Jeremy Kohomban will explain how to use EBPs to get juveniles out of placement at the MST pre-conference at Blueprints
How does a large organization that provides residential treatment to children and teens change direction to decrease residential care by using evidence-based practices (EBPs)? Not only will Jeremy Kohomban answer that question, but at the MST pre-conference kicking off this April’s Blueprints for Healthy Youth Development Conference in Denver, he will also relate how his organization accomplished this, becoming a key player in national change.
Kohomban is president and CEO of The Children’s Village, a major provider of residential and community-based family services in New York City. He will share Children’s Village strategies to not only include evidence-based practices that focus on reducing residential placements, but also the successful strategies for engaging donors, the board and trustees to challenge their historical business model in order to keep children safe and families together.
He says, “We made it very clear that residential treatment has a place, but not as a replacement for family or a sense of belonging. Kids should never grow up in government systems or any systems for that matter. And that includes The Children’s Village system.” When discussing the change in the agency culture, Kohomban points to putting “the residential work we do in the context of where is most useful and not.” The Children’s Village made a choice to break with its history and risk its bottom line by providing evidence-based practices in addition to residential care to do what was best for kids and families.
Activism for EBPs
Beyond the advances The Children’s’ Village has made with evidence-based practices like Multisystemic Therapy (MST) to reduce residential placements, Kohomban is proud of the organization’s activism. He has testified in Senate hearings advocating for a federal investment in evidence-based practices that work for at-risk youth and the reduction of residential-treatment placements. He wants to see an investment in the community-based work. “We are not just playing on the inside. We are also making sure that we are working on making significant changes in how our work is financed.” Kohomban looks forward to sharing information about his and the organization’s advocacy with the pre-conference audience. He says, “There is an opportunity for residential providers to stand up and be counted for the good work we do while acknowledging the change we need to embrace.”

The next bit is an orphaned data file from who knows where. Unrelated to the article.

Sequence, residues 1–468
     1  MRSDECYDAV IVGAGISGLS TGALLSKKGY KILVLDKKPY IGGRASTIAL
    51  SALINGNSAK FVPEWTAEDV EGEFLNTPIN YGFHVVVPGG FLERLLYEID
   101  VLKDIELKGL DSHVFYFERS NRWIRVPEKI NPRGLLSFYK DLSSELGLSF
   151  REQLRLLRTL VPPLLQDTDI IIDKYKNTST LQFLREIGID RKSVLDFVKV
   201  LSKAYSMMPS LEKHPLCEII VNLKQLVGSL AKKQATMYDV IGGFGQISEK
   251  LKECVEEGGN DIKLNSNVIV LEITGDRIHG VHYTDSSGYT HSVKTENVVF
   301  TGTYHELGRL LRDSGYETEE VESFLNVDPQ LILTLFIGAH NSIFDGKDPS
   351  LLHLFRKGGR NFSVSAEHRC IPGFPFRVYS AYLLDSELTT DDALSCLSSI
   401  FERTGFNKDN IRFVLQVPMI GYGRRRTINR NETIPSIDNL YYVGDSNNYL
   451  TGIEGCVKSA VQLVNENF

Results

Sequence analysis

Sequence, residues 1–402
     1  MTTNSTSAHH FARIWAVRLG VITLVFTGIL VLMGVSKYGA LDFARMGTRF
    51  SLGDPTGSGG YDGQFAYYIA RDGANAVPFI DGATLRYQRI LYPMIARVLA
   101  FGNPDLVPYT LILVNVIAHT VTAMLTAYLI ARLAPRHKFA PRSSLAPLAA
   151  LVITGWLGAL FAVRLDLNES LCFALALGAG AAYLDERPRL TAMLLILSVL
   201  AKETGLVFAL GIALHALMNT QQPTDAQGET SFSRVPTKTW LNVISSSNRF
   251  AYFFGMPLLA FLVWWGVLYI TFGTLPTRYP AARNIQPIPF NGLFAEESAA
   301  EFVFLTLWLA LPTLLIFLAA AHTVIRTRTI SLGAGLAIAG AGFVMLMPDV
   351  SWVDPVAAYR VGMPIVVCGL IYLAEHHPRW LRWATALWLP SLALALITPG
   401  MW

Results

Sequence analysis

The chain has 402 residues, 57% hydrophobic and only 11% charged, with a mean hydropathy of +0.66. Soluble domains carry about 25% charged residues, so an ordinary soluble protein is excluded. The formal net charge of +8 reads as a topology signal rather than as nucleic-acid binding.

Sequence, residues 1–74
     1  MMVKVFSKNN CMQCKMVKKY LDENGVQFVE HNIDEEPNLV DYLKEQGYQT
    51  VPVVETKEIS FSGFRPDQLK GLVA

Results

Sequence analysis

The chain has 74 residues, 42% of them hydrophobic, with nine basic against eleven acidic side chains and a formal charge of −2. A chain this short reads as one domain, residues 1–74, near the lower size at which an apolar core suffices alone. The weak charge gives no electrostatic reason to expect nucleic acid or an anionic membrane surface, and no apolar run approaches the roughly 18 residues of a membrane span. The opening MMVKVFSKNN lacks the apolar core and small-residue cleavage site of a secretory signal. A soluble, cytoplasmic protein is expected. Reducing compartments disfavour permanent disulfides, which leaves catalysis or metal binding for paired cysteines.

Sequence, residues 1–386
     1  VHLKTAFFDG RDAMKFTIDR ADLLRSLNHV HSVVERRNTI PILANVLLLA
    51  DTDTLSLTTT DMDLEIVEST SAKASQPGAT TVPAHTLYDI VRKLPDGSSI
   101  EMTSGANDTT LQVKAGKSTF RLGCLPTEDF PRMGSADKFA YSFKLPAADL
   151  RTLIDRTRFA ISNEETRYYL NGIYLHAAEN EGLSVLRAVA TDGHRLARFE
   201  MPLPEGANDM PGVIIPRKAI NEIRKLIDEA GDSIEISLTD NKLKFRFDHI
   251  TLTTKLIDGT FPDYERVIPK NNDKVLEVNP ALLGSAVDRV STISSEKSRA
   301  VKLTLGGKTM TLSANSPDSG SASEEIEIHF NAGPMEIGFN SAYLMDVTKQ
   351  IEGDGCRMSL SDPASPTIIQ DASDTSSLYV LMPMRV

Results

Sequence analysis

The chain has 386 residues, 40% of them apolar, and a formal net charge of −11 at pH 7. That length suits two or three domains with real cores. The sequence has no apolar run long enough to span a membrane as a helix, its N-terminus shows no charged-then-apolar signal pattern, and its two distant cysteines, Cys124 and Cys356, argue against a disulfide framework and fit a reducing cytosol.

Attendees can expect to have conventional thinking challenged, as well as an opportunity to challenge Kohomban. He expects to present some ideas that will be seen as controversial. “When I speak, I challenge people to accept the information for what it is...or ask the questions.” He hopes those at the MST pre-conference question his assertions. “The engagement and participation [of the audience] makes it easier for all of us to learn together.”
To hear Kohomban speak, register today for the MST pre-conference on April 11. More information here.